As well as sitting on the right side of the law, HR teams also need to ensure their data usage sits within the company’s ethical boundaries. Most companies these days emphasize a culture of openness and honesty. If your data-driven HR activities fly in the face of that culture – for example, by clumsily implementing data projects or poorly communicating how data is used – it could lead to massive morale and trust issues.
That’s why one of the key pieces of advice I give to businesses is this: transparency. Transparency around what employee data is being collected, transparency around why it’s being collected, and transparency around how it will be used.
It’s also important to add value for employees and emphasize the positive outcomes of using their data. People are far happier for their data to be used when they feel they’re getting something valuable in return, whether it’s better working conditions, more effective management, a safer environment, or whatever.
The importance of good governance
Practicing good data governance will help ensure your HR data remains a valuable asset and doesn’t turn into a liability. Here’s a snapshot of what good data governance means in practice:
· Create data governance procedures (if you haven’t already). This may include defining who owns the various people-related data within the organization, who is responsible for data accuracy, who is responsible for controlling access to the data, and who is responsible for updating the data. It should also cover how the data can be used.
· Get consent for employee data. Consent is a critical pillar of data privacy. This means HR must get employees’ express permission in order to collect and process their personal data. It used to be that consent was assumed as part and parcel of employment. Thanks to GDPR, that’s no longer the case.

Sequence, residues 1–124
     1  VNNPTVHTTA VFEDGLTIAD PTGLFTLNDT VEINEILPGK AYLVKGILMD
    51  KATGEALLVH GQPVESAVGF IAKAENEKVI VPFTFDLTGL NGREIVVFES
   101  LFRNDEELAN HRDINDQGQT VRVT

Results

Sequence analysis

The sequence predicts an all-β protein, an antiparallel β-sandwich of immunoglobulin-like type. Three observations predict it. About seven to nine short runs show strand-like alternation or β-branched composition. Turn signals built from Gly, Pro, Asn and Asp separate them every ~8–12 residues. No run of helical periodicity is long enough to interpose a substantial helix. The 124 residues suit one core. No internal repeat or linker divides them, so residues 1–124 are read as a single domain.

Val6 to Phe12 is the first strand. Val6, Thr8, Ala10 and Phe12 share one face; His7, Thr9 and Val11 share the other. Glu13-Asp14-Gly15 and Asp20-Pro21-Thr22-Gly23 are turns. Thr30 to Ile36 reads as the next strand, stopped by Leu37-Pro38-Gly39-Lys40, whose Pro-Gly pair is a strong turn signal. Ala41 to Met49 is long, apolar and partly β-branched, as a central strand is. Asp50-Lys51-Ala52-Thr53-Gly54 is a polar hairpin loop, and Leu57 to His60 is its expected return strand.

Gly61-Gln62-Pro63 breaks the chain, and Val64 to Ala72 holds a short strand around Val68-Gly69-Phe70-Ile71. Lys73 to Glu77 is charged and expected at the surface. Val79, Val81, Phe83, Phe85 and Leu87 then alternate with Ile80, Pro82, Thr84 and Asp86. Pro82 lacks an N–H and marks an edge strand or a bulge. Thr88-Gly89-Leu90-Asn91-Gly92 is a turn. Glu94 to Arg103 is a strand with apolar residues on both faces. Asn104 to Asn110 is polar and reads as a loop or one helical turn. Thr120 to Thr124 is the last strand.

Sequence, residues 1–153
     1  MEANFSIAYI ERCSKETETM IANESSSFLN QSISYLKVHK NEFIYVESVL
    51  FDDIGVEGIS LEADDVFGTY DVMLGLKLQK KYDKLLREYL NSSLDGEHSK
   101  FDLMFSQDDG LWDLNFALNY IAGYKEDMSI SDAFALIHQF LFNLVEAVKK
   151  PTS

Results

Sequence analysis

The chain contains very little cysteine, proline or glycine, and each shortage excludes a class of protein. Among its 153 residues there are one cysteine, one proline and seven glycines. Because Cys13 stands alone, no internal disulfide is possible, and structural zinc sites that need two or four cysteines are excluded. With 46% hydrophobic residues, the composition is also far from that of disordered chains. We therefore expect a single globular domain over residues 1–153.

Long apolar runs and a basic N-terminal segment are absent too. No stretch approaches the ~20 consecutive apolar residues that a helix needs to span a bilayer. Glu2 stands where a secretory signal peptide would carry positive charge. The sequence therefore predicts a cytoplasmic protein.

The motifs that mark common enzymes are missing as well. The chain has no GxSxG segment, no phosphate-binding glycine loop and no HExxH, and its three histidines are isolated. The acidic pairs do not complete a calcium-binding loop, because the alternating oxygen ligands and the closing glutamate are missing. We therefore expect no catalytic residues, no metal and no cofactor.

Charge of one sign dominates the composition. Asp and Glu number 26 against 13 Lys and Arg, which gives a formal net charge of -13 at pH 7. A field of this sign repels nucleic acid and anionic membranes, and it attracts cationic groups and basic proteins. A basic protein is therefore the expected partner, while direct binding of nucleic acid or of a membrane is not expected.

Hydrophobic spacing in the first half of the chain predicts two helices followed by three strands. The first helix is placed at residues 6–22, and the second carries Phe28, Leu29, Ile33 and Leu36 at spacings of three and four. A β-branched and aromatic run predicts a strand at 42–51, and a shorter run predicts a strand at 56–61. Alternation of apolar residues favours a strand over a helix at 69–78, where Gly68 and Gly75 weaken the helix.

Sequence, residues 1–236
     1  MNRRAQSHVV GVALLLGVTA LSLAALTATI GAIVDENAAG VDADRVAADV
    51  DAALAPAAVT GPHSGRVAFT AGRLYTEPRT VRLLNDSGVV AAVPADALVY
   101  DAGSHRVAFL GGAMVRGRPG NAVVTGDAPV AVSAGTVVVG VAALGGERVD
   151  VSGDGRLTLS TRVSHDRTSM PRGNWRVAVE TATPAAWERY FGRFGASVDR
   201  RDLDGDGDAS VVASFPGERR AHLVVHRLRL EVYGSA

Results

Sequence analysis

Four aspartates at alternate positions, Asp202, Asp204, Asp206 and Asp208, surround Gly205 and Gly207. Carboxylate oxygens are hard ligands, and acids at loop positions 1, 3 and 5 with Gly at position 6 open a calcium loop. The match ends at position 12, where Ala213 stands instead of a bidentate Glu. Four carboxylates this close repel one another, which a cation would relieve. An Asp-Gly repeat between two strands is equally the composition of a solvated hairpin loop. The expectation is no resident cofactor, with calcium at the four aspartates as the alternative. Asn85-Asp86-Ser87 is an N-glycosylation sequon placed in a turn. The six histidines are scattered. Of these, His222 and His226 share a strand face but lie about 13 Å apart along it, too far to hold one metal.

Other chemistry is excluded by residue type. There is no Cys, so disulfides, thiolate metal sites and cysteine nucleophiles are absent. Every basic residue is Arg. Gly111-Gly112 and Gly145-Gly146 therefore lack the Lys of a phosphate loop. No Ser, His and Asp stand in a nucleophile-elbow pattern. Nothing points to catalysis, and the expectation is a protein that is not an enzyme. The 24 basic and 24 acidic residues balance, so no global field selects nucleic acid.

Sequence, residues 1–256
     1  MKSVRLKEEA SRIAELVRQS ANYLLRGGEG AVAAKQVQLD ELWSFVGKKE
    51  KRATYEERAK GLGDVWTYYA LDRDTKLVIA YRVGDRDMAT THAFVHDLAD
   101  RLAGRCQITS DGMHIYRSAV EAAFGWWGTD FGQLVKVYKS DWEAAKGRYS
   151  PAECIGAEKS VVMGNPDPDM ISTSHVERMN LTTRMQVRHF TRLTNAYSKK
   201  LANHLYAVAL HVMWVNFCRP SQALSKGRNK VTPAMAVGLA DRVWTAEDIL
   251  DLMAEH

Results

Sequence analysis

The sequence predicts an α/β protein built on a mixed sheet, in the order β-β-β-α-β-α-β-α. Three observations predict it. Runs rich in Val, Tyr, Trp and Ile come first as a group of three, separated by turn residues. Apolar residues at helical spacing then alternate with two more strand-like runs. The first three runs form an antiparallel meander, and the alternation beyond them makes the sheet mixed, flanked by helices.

· Be strict about data usage. GDPR means you can only use personal data for the specific purpose for which consent was given. If you want to use the data for a different purpose, new permission is needed. It’s vital HR colleagues fully understand this, as the fines for misusing data can be enormous.
· Practice data minimization. This means gathering only the very essential data, i.e., data that can help meaningfully improve the company and add value. Data for data’s sake is worthless, and can actually prove detrimental to the company in the long run.
· Anonymise data. Wherever possible, you should anonymize personal employee data, which means stripping it of any personal markers that link an individual to that piece of information.
· Protect and secure your data. There are certain safeguards any business can put in place to secure data and prevent breaches. Such measures can include encrypting data, having systems in place to detect and stop breaches while they’re happening, and training staff so they never give away secure information.
Read more about how HR teams can get the most out of data and analytics, without falling foul of the pitfalls, in my book Data-Driven HR. It’s packed with real-life examples and practical ways HR teams can deliver maximum value in our increasingly data-driven world.